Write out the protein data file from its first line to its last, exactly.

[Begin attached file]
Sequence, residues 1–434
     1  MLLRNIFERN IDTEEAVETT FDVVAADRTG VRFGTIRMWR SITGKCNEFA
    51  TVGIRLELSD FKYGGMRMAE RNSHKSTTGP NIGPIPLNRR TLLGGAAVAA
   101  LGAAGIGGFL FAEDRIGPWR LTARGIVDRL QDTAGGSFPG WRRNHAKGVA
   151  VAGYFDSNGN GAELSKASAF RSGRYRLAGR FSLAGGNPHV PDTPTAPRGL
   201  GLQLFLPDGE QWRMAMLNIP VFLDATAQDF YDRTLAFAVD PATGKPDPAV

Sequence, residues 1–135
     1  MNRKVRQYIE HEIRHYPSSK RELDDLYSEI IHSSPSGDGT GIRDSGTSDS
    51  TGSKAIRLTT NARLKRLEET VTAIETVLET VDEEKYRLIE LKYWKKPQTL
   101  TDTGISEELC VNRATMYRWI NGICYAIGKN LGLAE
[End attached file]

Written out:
Sequence, residues 1–434
     1  MLLRNIFERN IDTEEAVETT FDVVAADRTG VRFGTIRMWR SITGKCNEFA
    51  TVGIRLELSD FKYGGMRMAE RNSHKSTTGP NIGPIPLNRR TLLGGAAVAA
   101  LGAAGIGGFL FAEDRIGPWR LTARGIVDRL QDTAGGSFPG WRRNHAKGVA
   151  VAGYFDSNGN GAELSKASAF RSGRYRLAGR FSLAGGNPHV PDTPTAPRGL
   201  GLQLFLPDGE QWRMAMLNIP VFLDATAQDF YDRTLAFAVD PATGKPDPAV

Sequence, residues 1–135
     1  MNRKVRQYIE HEIRHYPSSK RELDDLYSEI IHSSPSGDGT GIRDSGTSDS
    51  TGSKAIRLTT NARLKRLEET VTAIETVLET VDEEKYRLIE LKYWKKPQTL
   101  TDTGISEELC VNRATMYRWI NGICYAIGKN LGLAE